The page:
Friendly Robot

Unit 13: Summing Up – The Future of Robotics

Here we reach the end of our journey through “The Robotics Primer”. This final unit expands upon everything we have covered so far to look at how robots are currently being used in our society and how they might grow to be used in the near and distant future. Some time is also spent considering the implications of robotics in society from ethical and social impacts as well.

Table of Contents

Reading – Chapter 22: Where to Next?

In this last chapter numerous examples of robotics at work are given, with examples of robots at work and at play in our society. Robots have come a long way since the text was published, and I think it is important to note that the applications for robotics as well as the technology of robotics has grown greatly in the interim. Roomba’s are now established in many more households, and 3d printers have become a popular hobby that allow people to play with and build robotics. Robotic factories have been well established and are an integral part of the fabrication industry. But some of the most exciting developments in robotics have been the development and deployment of self-driving cars. There is also serious work being done with the concept of space-based robotic asteroid miners. Further, our technical capability in the realm of robotics is continuing to grow, with companies such as Boston Dynamics and Tesla creating and refining technologies that are able to move in ways similiar to biological creatures and which are capable of complex motion and tasks. The technology for robotics has grown, and our capacity has continued to grow and is likely to continue to grow. However, we are still grappling with the moral and ethical questions of robotics and what their use on our society, economies and culture may be. It seems though that while we are thinking about the bigger questions of robotics, as evidenced by their prevalence in media, we are likely to only reach conclusions and decisions after the technology has been integrated into society.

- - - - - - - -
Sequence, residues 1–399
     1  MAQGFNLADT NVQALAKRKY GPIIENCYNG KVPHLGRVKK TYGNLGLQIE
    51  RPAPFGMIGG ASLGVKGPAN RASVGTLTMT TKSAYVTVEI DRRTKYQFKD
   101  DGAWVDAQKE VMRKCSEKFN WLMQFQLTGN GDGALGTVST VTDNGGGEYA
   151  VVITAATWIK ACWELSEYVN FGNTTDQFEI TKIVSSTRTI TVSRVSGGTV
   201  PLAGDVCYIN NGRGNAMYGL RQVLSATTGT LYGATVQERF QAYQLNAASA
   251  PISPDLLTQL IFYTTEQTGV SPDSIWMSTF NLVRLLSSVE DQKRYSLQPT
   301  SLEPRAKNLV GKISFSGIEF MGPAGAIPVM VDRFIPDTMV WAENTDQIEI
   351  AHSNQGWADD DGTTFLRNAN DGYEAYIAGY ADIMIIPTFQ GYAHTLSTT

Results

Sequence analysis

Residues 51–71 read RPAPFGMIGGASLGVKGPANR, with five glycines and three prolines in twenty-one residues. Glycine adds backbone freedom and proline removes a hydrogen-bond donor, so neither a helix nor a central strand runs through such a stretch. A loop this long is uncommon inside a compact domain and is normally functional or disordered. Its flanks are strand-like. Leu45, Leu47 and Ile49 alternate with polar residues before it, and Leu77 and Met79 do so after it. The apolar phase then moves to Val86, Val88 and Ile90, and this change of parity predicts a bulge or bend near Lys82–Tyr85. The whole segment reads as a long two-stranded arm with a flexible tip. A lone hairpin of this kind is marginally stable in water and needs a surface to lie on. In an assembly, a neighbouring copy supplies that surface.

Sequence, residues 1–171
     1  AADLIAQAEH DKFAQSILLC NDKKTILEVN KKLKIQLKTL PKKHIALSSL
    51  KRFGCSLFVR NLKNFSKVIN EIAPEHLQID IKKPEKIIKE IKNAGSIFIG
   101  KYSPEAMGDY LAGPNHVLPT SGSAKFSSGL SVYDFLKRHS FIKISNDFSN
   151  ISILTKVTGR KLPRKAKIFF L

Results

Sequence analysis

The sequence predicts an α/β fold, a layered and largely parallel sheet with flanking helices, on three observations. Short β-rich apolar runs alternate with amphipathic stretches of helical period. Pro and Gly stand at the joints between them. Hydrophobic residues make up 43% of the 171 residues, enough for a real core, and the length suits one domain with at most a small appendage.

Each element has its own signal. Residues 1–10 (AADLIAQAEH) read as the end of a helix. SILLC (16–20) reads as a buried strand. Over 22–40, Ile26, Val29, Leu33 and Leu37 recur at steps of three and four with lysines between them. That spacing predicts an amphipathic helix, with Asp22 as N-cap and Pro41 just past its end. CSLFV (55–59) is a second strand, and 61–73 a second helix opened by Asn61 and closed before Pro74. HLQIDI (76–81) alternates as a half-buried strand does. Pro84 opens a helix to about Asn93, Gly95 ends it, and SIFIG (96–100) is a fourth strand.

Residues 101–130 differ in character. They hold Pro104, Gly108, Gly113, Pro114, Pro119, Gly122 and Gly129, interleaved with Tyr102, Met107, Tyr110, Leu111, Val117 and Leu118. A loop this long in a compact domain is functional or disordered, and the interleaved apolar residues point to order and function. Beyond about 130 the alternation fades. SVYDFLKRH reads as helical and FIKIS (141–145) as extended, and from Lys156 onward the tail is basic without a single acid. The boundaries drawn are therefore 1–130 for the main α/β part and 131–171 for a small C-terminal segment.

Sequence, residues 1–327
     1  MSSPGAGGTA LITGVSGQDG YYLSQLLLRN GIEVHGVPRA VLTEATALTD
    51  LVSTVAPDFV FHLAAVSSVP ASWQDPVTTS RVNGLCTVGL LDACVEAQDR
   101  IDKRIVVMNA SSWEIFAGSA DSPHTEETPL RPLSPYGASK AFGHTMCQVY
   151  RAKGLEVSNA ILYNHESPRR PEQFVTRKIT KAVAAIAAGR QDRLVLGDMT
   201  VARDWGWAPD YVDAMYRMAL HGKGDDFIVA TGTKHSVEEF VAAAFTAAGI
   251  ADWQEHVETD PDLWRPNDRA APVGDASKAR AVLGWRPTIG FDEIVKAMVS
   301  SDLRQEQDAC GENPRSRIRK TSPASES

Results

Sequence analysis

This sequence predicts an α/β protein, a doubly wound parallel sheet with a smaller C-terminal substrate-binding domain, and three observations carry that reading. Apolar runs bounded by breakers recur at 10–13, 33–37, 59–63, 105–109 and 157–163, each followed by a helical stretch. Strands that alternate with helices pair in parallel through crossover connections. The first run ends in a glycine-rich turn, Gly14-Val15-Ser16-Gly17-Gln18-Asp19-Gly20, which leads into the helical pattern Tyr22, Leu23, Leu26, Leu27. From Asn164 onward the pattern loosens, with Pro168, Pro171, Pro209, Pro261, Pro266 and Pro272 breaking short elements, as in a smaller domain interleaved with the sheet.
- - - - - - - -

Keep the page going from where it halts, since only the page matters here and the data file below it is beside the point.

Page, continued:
Food For Thought 22-1

While the potential for robots to help people is vast, some people believe that instead of creating technology that replaces human labor, we should focus on training people as providers of those services. With the exception of jobs that are inherently dangerous or undesirable, it is important to be able to justify robots in roles that could be filled by people, if such people were available. How do you think this should be justified? Are robots taking these roles away from people or are they filling otherwise unfulfilled roles? What if those roles are unfilled now, but once robots fill them, they could never again be filled by people? These are just some of the ethical and economic questions that have been posed. How would you answer them?